The political traditions of the Commonwealth Caribbean islands reflect the diverse ways in which they were brought into the British Empire and administered, as well as the dominant political views in London at the time of their incorporation. Some of these traditions can still be observed in the operation of contemporary politics in the region. Three patterns emerged: one for colonies settled or acquired before the eighteenth century; another for colonies taken during the Seven Years War (1756-63) and ceded by France in 1784; and a third for colonies conquered in the late eighteenth and early nineteenth centuries.
The first group--Barbados, the Bahamas, the Leeward Islands, and Jamaica--developed during the early attempts to found colonies. Like the mainland North American colonies (and Bermuda), these territories had representative assemblies based on the bicameral system of the mother country. Each colony had a governor who represented the monarch, an appointed upper house, and an elected lower house. The electoral franchise, however, was extremely restricted, being vested in a few wealthy male property holders. Power was divided between the governor, who executed the laws, and the assembly, which made them. However, the assembly retained the right to pass all money bills--including the pay for the governor-- and so used this right to obstruct legislation or simply control new officials.
These older colonies also had an effective system of local government based on parish vestries. The vestries were elected annually by the freeholders and met frequently to levy local revenues for the maintenance of the poor, the support of the clergy, the construction of roads, and other local business, such as the licensing of teachers.
Dominica, Grenada, St. Vincent, the Grenadines, Tobago, and St. Lucia were brought into the British Empire between 1763 and 1814. Grenada and the Grenadines were captured during the Seven Years War and ceded by France at the end of the war. St. Vincent came as part of the settlement of 1783 between France and Britain. Tobago, Dominica, and St. Lucia, won during the Napoleonic Wars, were ceded in 1803, 1805, and 1814, respectively. They were referred to as "ceded islands" and also had assemblies, which sometimes functioned like those in the older territories. However, the small size of the free landholding population in these islands vitiated the functions of these assemblies and precluded development of a viable system of local government such as had developed in Jamaica and Barbados. The British administered these islands in two units: the British Leeward Islands (St. Kitts, Nevis, Barbuda, Anguilla, Antigua, Montserrat, the British Virgin Islands, and also Dominica from 1871 to 1940) and the British Windward Islands (St. Lucia, St. Vincent, the Grenadines, and Grenada as well as Dominica between 1940 and 1956).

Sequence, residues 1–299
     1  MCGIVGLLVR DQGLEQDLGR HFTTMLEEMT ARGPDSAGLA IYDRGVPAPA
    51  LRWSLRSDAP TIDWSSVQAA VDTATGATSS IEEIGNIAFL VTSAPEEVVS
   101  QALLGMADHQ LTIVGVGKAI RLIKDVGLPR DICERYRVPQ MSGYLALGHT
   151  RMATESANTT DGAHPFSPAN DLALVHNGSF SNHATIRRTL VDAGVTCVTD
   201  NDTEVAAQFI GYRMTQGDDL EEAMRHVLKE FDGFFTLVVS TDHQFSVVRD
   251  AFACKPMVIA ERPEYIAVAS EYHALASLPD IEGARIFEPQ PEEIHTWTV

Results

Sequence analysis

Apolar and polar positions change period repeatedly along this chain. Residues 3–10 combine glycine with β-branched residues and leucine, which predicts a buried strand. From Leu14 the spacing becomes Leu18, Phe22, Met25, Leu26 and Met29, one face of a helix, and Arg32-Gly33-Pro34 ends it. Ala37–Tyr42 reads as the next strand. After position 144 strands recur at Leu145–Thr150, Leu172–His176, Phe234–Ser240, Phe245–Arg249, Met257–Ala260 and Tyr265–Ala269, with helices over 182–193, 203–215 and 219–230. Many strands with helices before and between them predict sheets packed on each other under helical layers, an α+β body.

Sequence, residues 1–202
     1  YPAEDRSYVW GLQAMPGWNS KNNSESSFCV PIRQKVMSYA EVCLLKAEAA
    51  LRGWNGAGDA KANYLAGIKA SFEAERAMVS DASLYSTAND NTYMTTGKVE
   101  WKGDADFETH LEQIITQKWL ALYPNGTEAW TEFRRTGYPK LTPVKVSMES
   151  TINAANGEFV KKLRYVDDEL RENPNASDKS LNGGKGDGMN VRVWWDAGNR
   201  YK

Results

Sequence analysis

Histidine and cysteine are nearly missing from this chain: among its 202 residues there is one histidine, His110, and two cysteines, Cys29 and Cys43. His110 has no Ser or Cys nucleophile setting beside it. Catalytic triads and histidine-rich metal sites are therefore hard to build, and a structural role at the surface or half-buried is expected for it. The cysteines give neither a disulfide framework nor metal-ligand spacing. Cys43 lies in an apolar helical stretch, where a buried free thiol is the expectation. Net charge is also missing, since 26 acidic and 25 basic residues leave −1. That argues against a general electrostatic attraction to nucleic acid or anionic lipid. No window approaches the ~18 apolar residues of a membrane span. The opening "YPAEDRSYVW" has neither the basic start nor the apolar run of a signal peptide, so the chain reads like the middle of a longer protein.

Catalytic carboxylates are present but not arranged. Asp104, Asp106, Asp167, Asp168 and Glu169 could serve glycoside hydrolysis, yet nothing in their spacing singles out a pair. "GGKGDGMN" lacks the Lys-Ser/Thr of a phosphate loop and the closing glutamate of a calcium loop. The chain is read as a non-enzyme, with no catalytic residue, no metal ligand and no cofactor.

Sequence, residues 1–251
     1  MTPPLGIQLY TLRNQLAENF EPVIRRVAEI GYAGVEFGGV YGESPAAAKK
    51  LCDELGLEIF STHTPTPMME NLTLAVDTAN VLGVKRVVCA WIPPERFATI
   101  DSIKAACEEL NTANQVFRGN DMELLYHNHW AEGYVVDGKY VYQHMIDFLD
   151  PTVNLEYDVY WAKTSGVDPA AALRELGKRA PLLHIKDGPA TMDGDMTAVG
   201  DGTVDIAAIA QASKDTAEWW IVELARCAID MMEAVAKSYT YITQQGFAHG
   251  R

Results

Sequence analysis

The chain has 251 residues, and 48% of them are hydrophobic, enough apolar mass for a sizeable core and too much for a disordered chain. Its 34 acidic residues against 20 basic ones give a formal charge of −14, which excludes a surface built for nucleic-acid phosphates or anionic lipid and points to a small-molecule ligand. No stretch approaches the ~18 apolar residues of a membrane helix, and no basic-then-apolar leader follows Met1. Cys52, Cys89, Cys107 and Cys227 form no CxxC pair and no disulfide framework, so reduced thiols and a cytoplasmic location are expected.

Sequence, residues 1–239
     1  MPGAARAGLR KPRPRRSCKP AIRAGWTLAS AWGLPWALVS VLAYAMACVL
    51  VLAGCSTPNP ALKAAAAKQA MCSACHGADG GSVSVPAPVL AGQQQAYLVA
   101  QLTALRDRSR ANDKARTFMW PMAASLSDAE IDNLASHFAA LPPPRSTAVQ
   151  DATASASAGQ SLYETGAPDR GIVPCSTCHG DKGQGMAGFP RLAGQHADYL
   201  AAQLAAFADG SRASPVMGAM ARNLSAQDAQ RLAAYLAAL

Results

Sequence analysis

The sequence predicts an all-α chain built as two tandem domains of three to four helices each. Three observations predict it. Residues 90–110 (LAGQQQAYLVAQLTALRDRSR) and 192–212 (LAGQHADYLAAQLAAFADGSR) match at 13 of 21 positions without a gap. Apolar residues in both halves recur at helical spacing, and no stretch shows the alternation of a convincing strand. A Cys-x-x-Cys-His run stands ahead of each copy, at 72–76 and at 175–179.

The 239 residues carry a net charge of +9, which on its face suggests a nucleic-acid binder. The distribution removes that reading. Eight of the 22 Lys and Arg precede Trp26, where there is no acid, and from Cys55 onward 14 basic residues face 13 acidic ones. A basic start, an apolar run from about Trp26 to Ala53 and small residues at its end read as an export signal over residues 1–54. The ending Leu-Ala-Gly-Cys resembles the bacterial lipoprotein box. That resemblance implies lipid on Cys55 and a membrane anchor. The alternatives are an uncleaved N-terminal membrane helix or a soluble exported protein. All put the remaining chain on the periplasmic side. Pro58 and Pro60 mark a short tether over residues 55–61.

When Trinidad and St. Lucia were brought into the empire in 1797 and 1814, respectively, the British government, cognizant of the difficulty that it had had with the various local planters' assemblies, vested the royal governors with virtually autocratic powers. This system of direct British rule through appointed officials rather than elected representatives was known as "crown colony" government. At the same time, the British retained the previous Spanish, French, and Dutch forms of government, gradually altering them through time. No sustained attempt was made to foster local government in these newer colonies, although the leading cities--Port of Spain and Castries--had municipal councils. Perhaps as a result, a strong grass-roots democracy failed to develop early in the latter territories.
Colonial acquisition and administration were not neatly and easily accomplished. St. Lucia, having changed possession fourteen times, was administered as a British crown colony between 1814 and 1871, when it joined the Leeward Islands group. Tobago changed imperial masters more than a dozen times before finally being acquired by Britain in 1802--a position ratified by the French in 1814. It experienced many forms of administration before being confirmed as a ward of Trinidad in 1889. The Bahamas, irregularly colonized by the British beginning in 1629, had a representative assembly in 1728, but settled into a dull routine as a minor crown colony until the granting of complete internal self-government in January 1964. The British Virgin Islands, annexed in 1672, entered the sugar revolution with the rest of the region, but declined economically during the nineteenth century. Between 1871 and 1956, they formed part of the British Leeward Islands administration, and, having opted not to join the West Indies Federation, became crown colonies (see the West Indies Federation, 1958-62, this ch., and Postwar Federation Attempts, ch. 7). The Cayman Islands, erratically settled by the British, until 1848 were administered by the Bahamas. After a short period of legislative government (1848- 63), they reverted to the administration of Jamaica until 1962, when they became a crown colony.